Even worse, the filmmakers decided to bookend the anthology with arguably the weakest story that coincidentally also features the shoddiest special effects work of all. A suburban family is terrorized by an overgrown rat of Germanic legend, as explained by Albert Hague playing an exterminator who conveniently happens to be an amateur folklorist. And like the first story, this one comes with another pair of infuriatingly dumb characters: a rudely prideful jerk of a husband (Richard Masur) and his exasperatingly submissive wife (Veronica Cartwright). The tale finishes with a predictable showdown that employs laughably cheap looking composites of a normal black rat that ruin any chance of inducing scares. Going back to what I remember of the movie, it's funny that I completely forgot about both of these stories, especially this dreadfully bad conclusion. Or, maybe it's a good thing since they would have made me steer clear of the whole thing and I would have missed out on enjoying the two best tales of the whole lot: "The Benediction" and "The Bishop of Battle."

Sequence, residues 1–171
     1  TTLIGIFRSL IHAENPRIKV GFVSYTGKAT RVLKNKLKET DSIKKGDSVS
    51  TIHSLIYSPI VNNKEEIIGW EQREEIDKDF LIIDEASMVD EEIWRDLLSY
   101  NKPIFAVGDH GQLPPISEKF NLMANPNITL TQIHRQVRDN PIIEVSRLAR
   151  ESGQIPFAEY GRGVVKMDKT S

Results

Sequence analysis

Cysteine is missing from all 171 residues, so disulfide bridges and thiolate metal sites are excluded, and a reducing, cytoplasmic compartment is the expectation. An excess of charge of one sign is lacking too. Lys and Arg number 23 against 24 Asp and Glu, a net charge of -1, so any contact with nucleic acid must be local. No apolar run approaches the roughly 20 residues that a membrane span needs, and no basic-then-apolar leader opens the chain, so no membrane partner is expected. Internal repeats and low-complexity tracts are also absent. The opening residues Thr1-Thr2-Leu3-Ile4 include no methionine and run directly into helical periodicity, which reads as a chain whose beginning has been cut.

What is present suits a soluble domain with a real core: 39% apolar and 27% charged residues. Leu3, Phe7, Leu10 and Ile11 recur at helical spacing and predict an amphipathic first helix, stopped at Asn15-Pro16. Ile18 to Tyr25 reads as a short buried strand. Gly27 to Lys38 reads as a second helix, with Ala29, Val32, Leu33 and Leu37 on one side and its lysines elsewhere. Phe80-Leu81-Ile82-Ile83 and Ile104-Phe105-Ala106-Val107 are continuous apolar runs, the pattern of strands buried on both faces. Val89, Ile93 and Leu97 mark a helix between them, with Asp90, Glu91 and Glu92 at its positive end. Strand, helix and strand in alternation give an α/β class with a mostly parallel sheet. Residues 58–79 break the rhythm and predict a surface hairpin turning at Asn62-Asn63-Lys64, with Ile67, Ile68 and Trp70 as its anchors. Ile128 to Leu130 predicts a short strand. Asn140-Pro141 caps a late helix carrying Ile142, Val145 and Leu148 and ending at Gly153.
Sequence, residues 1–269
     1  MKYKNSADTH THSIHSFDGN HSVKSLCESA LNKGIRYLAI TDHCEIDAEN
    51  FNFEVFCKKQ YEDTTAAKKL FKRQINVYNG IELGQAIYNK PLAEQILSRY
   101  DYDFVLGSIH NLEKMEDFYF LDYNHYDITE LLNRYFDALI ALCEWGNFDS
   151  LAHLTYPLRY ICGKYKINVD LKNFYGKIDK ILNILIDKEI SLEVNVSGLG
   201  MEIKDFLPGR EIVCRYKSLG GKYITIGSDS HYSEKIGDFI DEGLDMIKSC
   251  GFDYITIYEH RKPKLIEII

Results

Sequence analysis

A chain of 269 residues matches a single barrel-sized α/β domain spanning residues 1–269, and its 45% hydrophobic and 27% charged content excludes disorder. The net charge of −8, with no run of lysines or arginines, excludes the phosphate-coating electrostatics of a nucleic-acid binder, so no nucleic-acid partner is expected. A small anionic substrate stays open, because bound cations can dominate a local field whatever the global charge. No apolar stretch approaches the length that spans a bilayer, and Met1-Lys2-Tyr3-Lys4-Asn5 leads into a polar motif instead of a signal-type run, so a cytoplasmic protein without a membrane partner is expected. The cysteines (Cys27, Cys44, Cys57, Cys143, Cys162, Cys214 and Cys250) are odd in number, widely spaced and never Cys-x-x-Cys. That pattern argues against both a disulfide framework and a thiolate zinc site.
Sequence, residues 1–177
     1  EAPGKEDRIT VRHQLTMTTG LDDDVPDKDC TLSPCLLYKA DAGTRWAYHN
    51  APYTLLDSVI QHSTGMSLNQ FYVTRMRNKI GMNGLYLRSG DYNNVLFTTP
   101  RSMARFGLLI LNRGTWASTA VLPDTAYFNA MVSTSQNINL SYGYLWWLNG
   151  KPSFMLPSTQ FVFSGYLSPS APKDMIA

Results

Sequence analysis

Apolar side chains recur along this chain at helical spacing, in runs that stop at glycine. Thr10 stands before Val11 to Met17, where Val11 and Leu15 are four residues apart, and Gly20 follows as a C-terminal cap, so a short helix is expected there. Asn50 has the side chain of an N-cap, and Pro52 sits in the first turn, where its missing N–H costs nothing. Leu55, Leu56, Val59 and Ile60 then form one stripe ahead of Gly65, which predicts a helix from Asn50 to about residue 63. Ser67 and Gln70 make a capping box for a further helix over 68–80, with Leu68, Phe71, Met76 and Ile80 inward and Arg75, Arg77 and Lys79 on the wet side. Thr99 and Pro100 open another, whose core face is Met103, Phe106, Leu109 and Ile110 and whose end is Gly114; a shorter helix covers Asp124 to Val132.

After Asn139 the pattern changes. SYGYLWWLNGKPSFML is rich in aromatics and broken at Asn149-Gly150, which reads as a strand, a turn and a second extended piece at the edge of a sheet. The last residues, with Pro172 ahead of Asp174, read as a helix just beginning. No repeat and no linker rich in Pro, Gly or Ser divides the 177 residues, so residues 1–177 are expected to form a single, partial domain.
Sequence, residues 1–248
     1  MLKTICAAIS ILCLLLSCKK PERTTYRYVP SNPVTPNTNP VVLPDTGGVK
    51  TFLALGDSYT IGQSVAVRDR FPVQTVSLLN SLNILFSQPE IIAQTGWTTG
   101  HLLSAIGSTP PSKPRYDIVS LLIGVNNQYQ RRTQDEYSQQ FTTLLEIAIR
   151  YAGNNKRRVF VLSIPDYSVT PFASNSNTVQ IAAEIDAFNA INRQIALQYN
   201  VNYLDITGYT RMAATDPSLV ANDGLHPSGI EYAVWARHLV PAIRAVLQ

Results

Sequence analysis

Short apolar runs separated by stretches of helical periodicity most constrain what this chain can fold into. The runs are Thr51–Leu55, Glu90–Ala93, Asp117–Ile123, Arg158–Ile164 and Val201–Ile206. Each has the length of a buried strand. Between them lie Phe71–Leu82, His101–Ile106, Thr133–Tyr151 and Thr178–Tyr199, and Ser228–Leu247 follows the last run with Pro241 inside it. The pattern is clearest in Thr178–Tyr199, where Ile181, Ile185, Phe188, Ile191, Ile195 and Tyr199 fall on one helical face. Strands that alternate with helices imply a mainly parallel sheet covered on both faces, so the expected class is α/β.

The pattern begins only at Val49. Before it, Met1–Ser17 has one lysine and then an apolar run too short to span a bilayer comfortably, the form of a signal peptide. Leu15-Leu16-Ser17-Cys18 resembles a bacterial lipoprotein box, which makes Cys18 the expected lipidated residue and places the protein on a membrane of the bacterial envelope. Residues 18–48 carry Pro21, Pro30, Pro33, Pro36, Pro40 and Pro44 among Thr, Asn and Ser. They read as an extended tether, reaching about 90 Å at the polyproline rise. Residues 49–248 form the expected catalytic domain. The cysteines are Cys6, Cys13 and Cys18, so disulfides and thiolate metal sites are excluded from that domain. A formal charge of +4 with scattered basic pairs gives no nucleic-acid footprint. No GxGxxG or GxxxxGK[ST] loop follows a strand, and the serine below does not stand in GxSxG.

Since that fateful summer night, I've been haunted by vague recollections of a black Chevrolet 4x4 pickup intimidating Lance Henriksen on a lonely desert highway. The plot is a simple tale of Henriksen's priest losing his faith and confronted by the seemingly demonic truck, eventually beaten by the dumbest of reasons, but it standouts due to surprisingly good practical effects and stunts, namely the moment when the vehicle shockingly jumps from beneath the ground. However, my fondest memory of 'Nightmares,' without a doubt, is the story of a teenage video game addict (Emilio Estevez) whose reward for defeating a challenging arcade game offers the most satisfying twist. The early CGI work still holds up thirty-some years later, but the most memorable aspect for me is the awesome selection of punk rock songs, notably some oddly fitting Fear tunes when Estevez is in the zone.
While the other two tales in this anthology failed to make much of an impression, the middle two are the cause for this reasonably budgeted production to live on in the dreams of cult collectors.
The Blu-ray: Vital Disc Stats
Shout! Factory brings 'Nightmares' to Blu-ray under the distributor's Scream Factory line. The Region A locked, BD50 disc is housed inside the normal blue case. At startup, viewers are first given the choice between the film's original 1.85:1 aspect ratio or an alternate 1.33:1 ratio solely for those fans feeling a bit nostalgic for classic television before switching to a static menu with music.